Corporate retreats are an excellent way to build relationships and morale among your team. They provide a reprieve from the monotony of daily work, giving attendees a chance to refocus and refuel. However, to achieve their maximum effectiveness these retreats must be done well. So how do you pull off an excellent, efficient retreat?

Know Your Purpose

Intentionality is a key component of productivity. You can’t expect an efficient gathering if you have no clear purpose. This being the case, the first step of a successful retreat is determining your end goal. There are many options: discussing and reaching conclusions about specific matters, improving communication, boosting morale, increasing teamwork, or encouraging creative thinking. Whatever your goal, it should be established and communicated in the preliminary planning stages. Furthermore, every aspect of your event should serve that goal.

Make the Venue Serve the Event

Planning your event around your venue is far less productive than planning your venue around your event. If you want your retreat to accomplish your goal you’ll need a venue that aids your efforts. If you plan teambuilding activities and games, for example, you’ll want to ensure that your venue meets your space requirements.

Choose a Memorable Location/Venue

Corporate retreats are an opportunity to give attendees a unique and memorable experience. Sometimes employees view retreats as an unfortunate distraction, taking them away from their work and family. You can combat this feeling by giving people a time that is both fruitful and enjoyable. While ‘work hard, play hard’ might sound cliché, it’s still an ideal worth pursuing. It won’t look the same for every group, however—know your team. An authentic camping experience might work wonders for one group, but not others. Likewise, a getaway to sunny Puerto Rico may appeal to a team from chilly Minnesota more so than a group from Los Angeles.

Prioritize Conversation

Retreats are the perfect time to encourage conversation. It is usually better to talk with people instead of to them. Participation is crucial, as it shows you care about attendees’ questions and ideas. People participating are also more engaged. Sure, you may need the occasional monologue or presentation, but the more relaxed retreat setting is ideal for brainstorming and dialogue.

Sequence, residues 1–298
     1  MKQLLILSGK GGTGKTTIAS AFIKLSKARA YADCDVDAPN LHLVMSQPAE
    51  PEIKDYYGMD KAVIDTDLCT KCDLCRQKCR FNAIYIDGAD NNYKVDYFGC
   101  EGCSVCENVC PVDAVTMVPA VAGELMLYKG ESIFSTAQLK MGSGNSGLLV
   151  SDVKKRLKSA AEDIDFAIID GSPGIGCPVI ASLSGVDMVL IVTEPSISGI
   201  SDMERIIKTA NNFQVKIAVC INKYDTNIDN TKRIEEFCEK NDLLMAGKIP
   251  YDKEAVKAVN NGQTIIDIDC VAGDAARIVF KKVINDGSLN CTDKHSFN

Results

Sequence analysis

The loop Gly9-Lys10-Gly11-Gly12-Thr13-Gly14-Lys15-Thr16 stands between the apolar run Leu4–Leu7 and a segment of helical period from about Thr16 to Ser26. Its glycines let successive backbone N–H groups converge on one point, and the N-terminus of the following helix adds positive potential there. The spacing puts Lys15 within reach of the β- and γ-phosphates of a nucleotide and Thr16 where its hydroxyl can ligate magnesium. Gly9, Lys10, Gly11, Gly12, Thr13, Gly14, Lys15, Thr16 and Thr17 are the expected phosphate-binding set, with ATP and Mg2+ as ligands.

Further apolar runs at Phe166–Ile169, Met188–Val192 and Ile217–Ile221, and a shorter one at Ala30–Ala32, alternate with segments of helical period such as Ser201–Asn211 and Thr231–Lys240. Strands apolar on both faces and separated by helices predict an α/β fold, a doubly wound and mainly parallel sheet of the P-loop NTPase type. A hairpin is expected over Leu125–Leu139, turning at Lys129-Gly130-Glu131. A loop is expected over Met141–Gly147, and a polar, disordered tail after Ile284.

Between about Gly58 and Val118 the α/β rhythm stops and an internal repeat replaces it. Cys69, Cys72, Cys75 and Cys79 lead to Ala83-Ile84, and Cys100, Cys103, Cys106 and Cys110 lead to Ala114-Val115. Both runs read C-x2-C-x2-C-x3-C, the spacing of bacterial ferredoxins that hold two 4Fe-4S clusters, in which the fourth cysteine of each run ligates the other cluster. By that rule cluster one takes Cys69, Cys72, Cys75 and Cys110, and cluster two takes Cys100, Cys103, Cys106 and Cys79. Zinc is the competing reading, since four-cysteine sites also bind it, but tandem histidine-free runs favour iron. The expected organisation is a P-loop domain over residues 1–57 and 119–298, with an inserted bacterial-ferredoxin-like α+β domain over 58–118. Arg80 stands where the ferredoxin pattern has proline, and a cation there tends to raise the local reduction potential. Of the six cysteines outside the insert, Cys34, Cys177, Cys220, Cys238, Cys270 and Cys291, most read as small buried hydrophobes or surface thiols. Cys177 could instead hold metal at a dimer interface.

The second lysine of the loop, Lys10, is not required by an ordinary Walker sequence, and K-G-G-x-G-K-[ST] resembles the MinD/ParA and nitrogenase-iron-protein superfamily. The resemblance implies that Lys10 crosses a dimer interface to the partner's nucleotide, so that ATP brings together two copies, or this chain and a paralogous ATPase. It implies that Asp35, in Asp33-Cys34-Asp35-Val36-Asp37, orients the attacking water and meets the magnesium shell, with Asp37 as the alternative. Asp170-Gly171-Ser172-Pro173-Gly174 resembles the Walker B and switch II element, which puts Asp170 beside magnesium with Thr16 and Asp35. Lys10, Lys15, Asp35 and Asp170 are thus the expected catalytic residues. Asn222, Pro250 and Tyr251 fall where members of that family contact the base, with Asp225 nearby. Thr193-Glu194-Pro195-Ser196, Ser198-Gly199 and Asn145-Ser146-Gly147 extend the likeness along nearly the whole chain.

Balance Business with Pleasure

One of the hardest parts about planning a retreat is finding the perfect balance between work and pleasure. It is helpful for a retreat to have both, after all. There is work to be done, of course, but adding some fun and relaxation can help attendees be more productive. Increased employee morale will improve their efforts when it comes time to work. Furthermore, attendees sharing recreation time can grow more comfortable with each other, improving overall teamwork and communication.

Safety First

The recreational side of retreats require you to think about safety concerns. You’ll need to get health approvals, and you’ll want to ensure that any dietary restrictions or allergies are factored in. Some companies opt for more extreme retreats, like white water rafting, but these require a lot of extra precautions and may scare off some of your attendees. It’s good to have a good time, but be sure that you’re taking the necessary steps to keep people safe.

Use Your Time Wisely

While it’s helpful for attendees to have recreation time, you also have things to accomplish, and all within the limited time of your retreat. Preemptive planning should help create an agenda you follow closely, but make sure you can realistically cover your agenda items with the time you have. It’s important that attendees have time to relax and enjoy themselves, but it shouldn’t interfere with the work that needs to be done. A midday cocktail hour or massage, for example, might make people too relaxed for the brainstorming session they have to attend in half an hour.

Determine Next Steps

Like any worthwhile meeting, a good retreat should feature a plan for what comes next. What are the next steps, the ways to execute any ideas created during your time together? If you don’t make an action plan, and if you fail to follow up after your event, many of your ideas will die on the vine. If you want to keep the momentum going, you need to think ahead.

Conclusion

Corporate retreats are a great opportunity, a chance that shouldn’t be wasted. When done well, retreats have unique benefits to your team and your company. Implement these seven tips and you’ll find your retreats succeeding like never before.

Planning an upcoming executive retreat or corporate team building program?  Contact Gavel International for both meeting planning and travel programs.